The Wandering Tomb Table

What? A “wandering” tomb?? What the heck is that?

suleimanHold on a second there. Let me explain.

In medieval times, especially during times of war, marauding groups would charge across the countryside and die in numerous ways. Battle. Starvation. Disease. Natural disaster. Or simply not stopping to ask for directions.

A great leader of the time, Suleiman the Magnificent, sultan of the Ottoman Empire, died at the age of 71 in 1566 while fighting in southern Hungary. Apparently a tomb was built over the spot where his tent stood and where he died, according to Norbert Pap at the University of Pecs (see article here).

Well, that got me thinking. What other kinds of tombs may lay hidden, waiting to be plundered by adventurers willing to disturb the dead? And what might be waiting for them in the dark? Here’s what I came up with for a traditionally medieval European world.

Three tables – a resident, something bad in the tomb, and something good in the tomb. Interpretation is up to you…

Random Tomb Resident (d8)

  1. King
  2. Prince
  3. Baron
  4. Lord
  5. Bishop
  6. Deacon
  7. Abbot
  8. Knight

Random Tomb Contents – Bad (d6)

  1. Disease
  2. Curse
  3. Unfinished task
  4. Poison
  5. Bones
  6. Undead

Random Tomb Contents – Good (d6)

  1. Art
  2. Relic
  3. Gold
  4. Armor
  5. Weapon
  6. Magic


So I grab a few dice and roll up a few examples that might work in a 5e campaign…

  • crownBishop, Poison, and Armor. Bishop Casini perished during a long journey between the churches under his thumb but swore that his underlings poisoned him. He never found any evidence, but eventually wasted away with no medical attention on the road. His blessed gauntlets were buried with him and he was eventually Sainted by the church for his good deeds despite his reputation for a particularly nasty disposition. The Gauntlets of Casini do offer the wearer some additional protection (+1 to AC) but make the wearer more susceptible to disease and poison, granting a -1 penalty to all Constitution saves against them.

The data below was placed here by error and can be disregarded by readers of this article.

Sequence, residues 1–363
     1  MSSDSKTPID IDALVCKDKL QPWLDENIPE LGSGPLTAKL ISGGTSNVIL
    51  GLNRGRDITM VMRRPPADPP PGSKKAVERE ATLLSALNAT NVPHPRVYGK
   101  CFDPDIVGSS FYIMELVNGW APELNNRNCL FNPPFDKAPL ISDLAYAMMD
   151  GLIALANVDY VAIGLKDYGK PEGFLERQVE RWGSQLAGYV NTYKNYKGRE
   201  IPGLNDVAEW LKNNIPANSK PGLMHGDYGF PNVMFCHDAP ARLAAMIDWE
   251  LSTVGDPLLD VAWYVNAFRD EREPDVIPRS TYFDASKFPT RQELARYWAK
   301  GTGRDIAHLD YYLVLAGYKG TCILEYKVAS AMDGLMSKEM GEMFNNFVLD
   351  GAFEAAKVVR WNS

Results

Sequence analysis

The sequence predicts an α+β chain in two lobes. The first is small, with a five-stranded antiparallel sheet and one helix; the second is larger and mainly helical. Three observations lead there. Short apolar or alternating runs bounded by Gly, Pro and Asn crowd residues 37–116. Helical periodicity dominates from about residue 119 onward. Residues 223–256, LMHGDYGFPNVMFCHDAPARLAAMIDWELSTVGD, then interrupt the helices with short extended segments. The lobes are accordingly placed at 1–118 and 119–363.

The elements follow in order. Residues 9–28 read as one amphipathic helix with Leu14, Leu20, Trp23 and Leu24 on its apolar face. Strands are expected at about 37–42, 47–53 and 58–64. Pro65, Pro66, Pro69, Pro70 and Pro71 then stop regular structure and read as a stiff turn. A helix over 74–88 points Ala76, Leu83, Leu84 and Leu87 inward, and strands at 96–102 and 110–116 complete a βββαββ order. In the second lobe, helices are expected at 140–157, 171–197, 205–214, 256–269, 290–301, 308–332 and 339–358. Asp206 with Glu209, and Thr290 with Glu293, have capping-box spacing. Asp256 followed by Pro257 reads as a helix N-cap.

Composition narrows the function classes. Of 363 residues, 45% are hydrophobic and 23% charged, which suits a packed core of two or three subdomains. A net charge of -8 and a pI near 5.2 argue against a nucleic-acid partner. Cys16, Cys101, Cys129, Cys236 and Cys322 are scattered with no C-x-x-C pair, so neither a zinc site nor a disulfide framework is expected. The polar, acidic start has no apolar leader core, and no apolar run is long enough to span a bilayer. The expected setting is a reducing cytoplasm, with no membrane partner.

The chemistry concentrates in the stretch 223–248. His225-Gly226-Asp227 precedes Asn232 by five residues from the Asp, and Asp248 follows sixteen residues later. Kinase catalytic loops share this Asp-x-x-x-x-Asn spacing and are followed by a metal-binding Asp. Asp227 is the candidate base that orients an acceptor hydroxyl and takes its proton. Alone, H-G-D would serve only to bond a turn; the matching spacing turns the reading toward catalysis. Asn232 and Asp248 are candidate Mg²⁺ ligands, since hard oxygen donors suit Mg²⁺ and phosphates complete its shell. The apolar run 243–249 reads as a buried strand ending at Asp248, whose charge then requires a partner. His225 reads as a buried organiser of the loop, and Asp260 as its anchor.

• Prince, Curse, Relic. Prince Adran of Garomor fell victim to a group of bandits on the road while traveling to meet his bride. Though he and his retinue managed to slay their attackers, he was mortally wounded and perished. The survivors buried him and continued the journey to his bride to be with the wedding gift, a small crown that once belonged to Adran’s grandfather, Baron Davos. Though of great value, the girl could not bear to keep such a gift so she insisted that it be buried with her betrothed. Any who find it will suffer the Curse of the Unrequited. Any interaction with  people the wearer finds attractive and may consider a relationship with will suffer a Disadvantage to any Charisma-based rolls while in possession of the crown.
  • Lord, Bones, Gold. Lord Kavla of the Bene province was exploring the borders of his land and visiting the people on the borders with his guards when an earthquake broke open the world and swallowed their leader whole, along with a few members of the party. A marker was placed at the site and his memory was honored by the men who remembered him. It was rumored that he had a large bag of gold with him and was distributing coins to the people he found who needed and deserved them. If his remains are found, he will have a small chest filled with 10d10 gold pieces and 1d6 precious gems.

Any world worthy of an adventuring party has to be full of similar little burial spots just waiting to be found. And who doesn’t want to open the old door to a tomb to discover a group of skeletons seeking revenge for their untimely demise or an expensive item just waiting to be plucked from its former owner?

Just a few ideas to explore if you’re in need of a random tomb for your players to plunder. 🙂

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